These whispers so affected Haredale that as time passed he grew gloomy and morose and lived in[Pg 80] seclusion, thinking only how he could solve the mystery of the murder, and loving more and more the little Emma as she grew into a beautiful girl. He neglected The Warren so that the property looked quite desolate and ruined, and at length superstitious people in the neighborhood came to mutter that it was haunted by the ghost of Rudge, the steward, whose body had been found in the pond.

The old bell-ringer of the near-by church even said he had seen this ghost once, when he went, late one night, to wind the church clock. But of course others, who knew there were no such things as ghosts, only smiled at these stories.

Sir John Chester, who so hated Haredale, was just as smooth and smiling and elegant as the other was rough. Haredale had been Sir John's drudge and scapegoat at school and the latter had always despised him. And as the years went by Sir John came to hate him.

His own son Edward had fallen in love with Emma, Haredale's niece, and she loved him in return. Sir John had been all his life utterly selfish and without conscience. He had little money and was much in debt and wanted his son to marry an heiress, so that he himself could continue his life of pleasure. Edward, however, gave his father to understand that he would never give up his love for Emma. Sir John believed that if Haredale chose, he could make his niece dislike Edward,[Pg 81] and because he did not, Sir John hated Haredale the more bitterly.

Emma had a close friend named Dolly Varden, the daughter of a locksmith. Dolly was a pretty, dimpled, roguish little flirt, as rosy and sparkling and fresh as an apple, and she had a great many lovers.

One of these was her father's apprentice, who lived in the same house. His name was Simon Tappertit—a conceited, bragging, empty-headed young man with a great opinion of his own good looks. When he looked at his thin legs, which he admired exceedingly, he could not see how it was that Dolly could help worshiping him.

Tappertit had ambitions of his own and thought himself a great man who was kept down by a tyrannical master, though the good-natured locksmith was the kindest man in London. He had formed a society of apprentices whose toast was, "Death to all masters, life to all apprentices, and love to all fair damsels!" He was their leader. He had made them all keys to fit their masters' doors, and at night, when they were supposed to be asleep in bed, they would steal out to meet in a dirty cellar owned by an old blind man, where they kept a skull and cross-bones and signed high-sounding oaths with a pen dipped in blood, and did other silly things. The object of the society was to hurt, annoy, wrong and pick quarrels with such of their masters as happened not to please them. With[Pg 82] such cheap fooleries Tappertit had convinced himself that he was fit to be a great general.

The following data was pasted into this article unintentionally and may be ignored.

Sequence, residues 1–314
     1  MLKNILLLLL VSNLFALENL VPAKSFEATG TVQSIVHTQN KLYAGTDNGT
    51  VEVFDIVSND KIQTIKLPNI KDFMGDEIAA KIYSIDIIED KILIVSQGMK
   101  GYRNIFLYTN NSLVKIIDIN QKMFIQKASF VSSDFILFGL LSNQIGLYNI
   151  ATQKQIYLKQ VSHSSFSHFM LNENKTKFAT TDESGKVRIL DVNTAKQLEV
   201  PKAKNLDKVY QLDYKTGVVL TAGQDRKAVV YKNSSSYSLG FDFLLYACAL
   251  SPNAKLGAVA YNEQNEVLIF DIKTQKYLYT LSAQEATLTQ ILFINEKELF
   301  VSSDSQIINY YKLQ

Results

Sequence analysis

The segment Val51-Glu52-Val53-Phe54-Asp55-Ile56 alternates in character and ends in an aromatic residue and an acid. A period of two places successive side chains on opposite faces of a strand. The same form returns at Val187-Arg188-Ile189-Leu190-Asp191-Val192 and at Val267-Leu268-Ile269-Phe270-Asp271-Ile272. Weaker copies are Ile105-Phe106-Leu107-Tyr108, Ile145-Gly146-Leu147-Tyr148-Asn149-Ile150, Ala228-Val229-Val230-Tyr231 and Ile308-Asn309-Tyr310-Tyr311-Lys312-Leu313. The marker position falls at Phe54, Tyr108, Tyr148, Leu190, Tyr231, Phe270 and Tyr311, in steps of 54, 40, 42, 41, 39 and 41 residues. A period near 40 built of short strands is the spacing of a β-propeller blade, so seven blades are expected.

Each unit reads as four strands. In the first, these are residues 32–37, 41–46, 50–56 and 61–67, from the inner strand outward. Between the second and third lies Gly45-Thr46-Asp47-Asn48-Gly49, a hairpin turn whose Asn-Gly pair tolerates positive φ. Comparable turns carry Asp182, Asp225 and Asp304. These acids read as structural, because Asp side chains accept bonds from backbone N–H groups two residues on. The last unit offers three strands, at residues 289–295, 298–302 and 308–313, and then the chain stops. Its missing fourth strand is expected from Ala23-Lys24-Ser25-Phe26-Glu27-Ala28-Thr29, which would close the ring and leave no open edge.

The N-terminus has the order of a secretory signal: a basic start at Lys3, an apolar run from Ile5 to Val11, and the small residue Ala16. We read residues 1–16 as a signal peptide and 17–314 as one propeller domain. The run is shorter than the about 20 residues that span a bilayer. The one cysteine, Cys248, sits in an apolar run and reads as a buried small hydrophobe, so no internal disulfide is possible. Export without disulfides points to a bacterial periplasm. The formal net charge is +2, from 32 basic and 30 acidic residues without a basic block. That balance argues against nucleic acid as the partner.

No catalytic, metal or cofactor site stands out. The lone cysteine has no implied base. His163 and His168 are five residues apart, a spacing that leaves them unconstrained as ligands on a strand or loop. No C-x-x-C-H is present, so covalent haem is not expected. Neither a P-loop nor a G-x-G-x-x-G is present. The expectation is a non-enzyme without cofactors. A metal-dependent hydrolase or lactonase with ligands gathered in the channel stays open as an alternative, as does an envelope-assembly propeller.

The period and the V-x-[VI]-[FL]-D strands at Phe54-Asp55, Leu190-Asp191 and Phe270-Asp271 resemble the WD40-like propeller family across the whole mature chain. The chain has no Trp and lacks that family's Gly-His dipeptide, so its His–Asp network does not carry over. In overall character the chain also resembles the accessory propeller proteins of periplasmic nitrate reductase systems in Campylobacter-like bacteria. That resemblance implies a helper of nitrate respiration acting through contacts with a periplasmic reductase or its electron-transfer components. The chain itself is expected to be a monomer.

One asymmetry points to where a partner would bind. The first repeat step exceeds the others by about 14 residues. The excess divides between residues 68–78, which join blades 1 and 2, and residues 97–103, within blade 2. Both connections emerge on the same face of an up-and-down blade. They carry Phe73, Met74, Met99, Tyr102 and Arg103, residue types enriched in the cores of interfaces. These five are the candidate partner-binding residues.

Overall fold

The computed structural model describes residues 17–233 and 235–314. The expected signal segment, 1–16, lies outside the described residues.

But with all his smirking, Dolly Varden only laughed at him. To tell the truth, she was very fond of young Joe Willet, whose father kept the Maypole Inn, very near The Warren where her friend Emma Haredale lived. Joe was a good, brave fellow, and was head over ears in love with Dolly, but Dolly was a coquette, and never let him know how much she cared for him. Joe was not contented at home, for his father seemed to think him a child and did not treat him according to his years, so that but for leaving Dolly Varden he would long ago have run away to seek his fortune.

Both Joe and Dolly knew how Edward Chester loved Emma Haredale, and they used sometimes to carry notes from one to the other, since the hatred of Sir John for Emma's uncle often prevented the lovers from meeting.

Sir John found this out, and bribed a hostler at the Maypole Inn to spy for him and prevent, if he could, these letters passing. The hostler was an uncouth, drunken giant that people called Maypole Hugh, as strong as an ox, and cruel and cunning. Hugh watched carefully, and from time to time would go to Sir John's house in London and report what he had seen.

May 19, 2018, 7:39 p.m. 0 Report Embed 0